Extra Ideas Whereas Weeding: Gardeners rejoice as steamy June offers method to July | Gardening


There was a time when June meant gray, muddy weather in the New Hampshire mountains, but not in recent years, and certainly not in 2021. By the time the month turns into Independence Day, farm fields and home gardens alike will have dried up. Stiff breezes and a dozen June days of 80 degrees or more have created conditions much more reminiscent of August than early summer.

Sweltering perfectly describes the last week of June, which ended with an official heat wave.

The monthly average temperature of 66.9 (as of 6.29) was two degrees above the average of 64.4, and this difference reflects the annual variance of 41.2 versus 39.2. It is also noteworthy that the heating degree days up to the 29th were 7,075 heating degree days, compared to the average of 7,506. In simple terms, heating degree days are a calculation of what it takes to heat your home. The bottom line is that 2021, measured with various tools, will be another record year in terms of temperature.

When it comes to humidity, the statistics are sobering. As of June 29, rainfall was just 0.61 inches, compared with the 4.24 inches average (recorded since 1974), according to local weather observer Ed Bergeron. Another measuring instrument, the Saco River flow rate calculated by the US Geological Survey’s water meter, shows a steep downtrend.

“At the beginning of the month we were at 47 percent of the historic 30-year average,” said Ed on 29. “Now it’s 32 percent. As long as it lasts in the 30s, it indicates to me that the groundwater is stable and stable. The main reason for this is that we had less than half the average snowfall last winter. It made a big difference. “

Groundwater is key, and it’s on the minds of farmers, gardeners, and any homeowner with a well dug. Maintaining the crop for the past two months meant vigilance with the watering, just trying to keep the plants alive and growing.

Why an annual battle with the elements, predators and plant diseases, ticks and black flies, one might ask, in a region where sometimes only stones and trees seem to grow easily. For me, the reasons are as varied as the challenges. Food security and supply chain bottlenecks that emerged during the pandemic certainly increased many of my concerns.

Ultimately, however, the focus is on quality. Growing a garden offers the opportunity to choose varieties bred for taste rather than the ability to transport thousands of kilometers and pick them at their peak of maturity.

Tomatoes are often the point of reference between store-bought and home-grown, but the same goes for most other varieties, whether it’s peas, corn, carrots, peppers or fresh vegetables. And then there are the ones you will never find in the aisles of the grocery store anyway – Fortex Pole Beans or Royal Burgundy Bush for example, heirloom tomatoes like pineapple or fragile cherries like Sun Gold.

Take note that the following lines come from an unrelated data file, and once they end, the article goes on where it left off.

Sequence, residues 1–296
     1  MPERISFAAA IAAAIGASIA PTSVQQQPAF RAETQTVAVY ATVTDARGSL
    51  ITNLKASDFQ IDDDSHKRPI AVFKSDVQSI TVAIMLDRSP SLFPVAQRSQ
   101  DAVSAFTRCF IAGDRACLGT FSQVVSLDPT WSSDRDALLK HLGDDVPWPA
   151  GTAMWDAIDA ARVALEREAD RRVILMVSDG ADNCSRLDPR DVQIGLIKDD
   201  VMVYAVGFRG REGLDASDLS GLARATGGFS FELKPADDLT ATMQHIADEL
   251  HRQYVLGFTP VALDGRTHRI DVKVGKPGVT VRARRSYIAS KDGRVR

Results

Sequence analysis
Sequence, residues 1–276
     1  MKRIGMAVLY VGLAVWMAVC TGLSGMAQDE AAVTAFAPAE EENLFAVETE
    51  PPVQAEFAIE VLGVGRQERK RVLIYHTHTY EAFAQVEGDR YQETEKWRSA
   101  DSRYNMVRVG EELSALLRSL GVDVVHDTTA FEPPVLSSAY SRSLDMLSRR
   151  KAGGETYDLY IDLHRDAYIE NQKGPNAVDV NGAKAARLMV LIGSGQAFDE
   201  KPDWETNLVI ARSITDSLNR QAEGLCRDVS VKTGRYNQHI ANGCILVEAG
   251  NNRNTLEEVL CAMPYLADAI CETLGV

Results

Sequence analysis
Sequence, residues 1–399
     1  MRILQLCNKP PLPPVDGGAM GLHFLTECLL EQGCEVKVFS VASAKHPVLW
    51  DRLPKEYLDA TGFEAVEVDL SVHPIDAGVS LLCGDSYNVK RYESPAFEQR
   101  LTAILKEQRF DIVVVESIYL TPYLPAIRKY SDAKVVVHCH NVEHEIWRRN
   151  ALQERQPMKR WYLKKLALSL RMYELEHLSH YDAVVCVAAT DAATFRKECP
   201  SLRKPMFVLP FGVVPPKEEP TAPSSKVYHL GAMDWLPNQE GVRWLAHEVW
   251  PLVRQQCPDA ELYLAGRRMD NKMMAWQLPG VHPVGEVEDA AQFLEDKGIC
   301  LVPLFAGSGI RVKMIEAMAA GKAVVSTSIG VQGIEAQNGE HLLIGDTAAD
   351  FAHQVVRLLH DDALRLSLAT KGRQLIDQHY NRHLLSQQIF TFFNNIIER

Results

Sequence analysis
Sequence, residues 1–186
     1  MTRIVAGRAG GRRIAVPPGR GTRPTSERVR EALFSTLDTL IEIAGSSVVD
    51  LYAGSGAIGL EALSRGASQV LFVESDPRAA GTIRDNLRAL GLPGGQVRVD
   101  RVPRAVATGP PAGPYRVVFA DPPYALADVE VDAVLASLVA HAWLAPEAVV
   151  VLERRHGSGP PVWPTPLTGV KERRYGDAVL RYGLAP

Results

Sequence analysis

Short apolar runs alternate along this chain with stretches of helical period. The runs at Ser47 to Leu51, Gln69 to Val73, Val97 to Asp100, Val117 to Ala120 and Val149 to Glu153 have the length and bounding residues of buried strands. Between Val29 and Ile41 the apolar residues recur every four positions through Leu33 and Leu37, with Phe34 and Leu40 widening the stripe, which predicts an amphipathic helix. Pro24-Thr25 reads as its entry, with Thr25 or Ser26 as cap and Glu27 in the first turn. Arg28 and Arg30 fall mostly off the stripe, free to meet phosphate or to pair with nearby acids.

Inherent in this quality is increased nutritional value and enjoyment of the best products available.

There is compelling research that confirms the value of making fruits and vegetables an integral part of your diet. Growing your own home makes it easier to get the minimum “five a day” portions of vegetables and fruits recommended by health experts. Research confirms that most fruits and vegetables are not only rich in vitamins and minerals that are already known to support good health, but also “phytonutrients” which have been shown to strengthen the immune system, delay the aging process and help cure or prevent many chronic diseases.

Growing fruits and products with no chemical residue is another important motivator. The nonprofit Environmental Working Group publishes an annual Dirty Dozen report that classifies pesticide levels in fruits and vegetables based on samples from the US Department of Agriculture and the FDA.

At the top of the list in the March 2021 report were strawberries, with apples and grapes in fifth and sixth place respectively, which have remained fairly constant over the years. The idea of ​​spinach in second place and kale, cabbage and mustard greens in third place was amazing.

Growing brassicas, including broccoli, cabbage, kale, and cabbage, in the home garden without toxic chemicals is not complex. Surely they have their team of predators, from cutworms to cabbage moths, that lead to those green worms in your broccoli heads. But preventative measures like row covers prevent major damage, and if you need to take it to the next level, reach for Bacillus thuringiensis, also known as Bt, a naturally occurring, soil-dwelling bacterium that is readily available locally. Bt is toxic when ingested by butterfly or moth larvae, but does not leave residues harmful to humans.

Admittedly, intervening with pests in other crops can be more complex and involves multiple practices to minimize toxin use. But from my point of view it is worth the effort given the alternatives. As we move into the weekend of July 4th and the growing season ahead, consider it an act of independence.

Ann Bennett writes and gardens on a hillside farm in Jackson.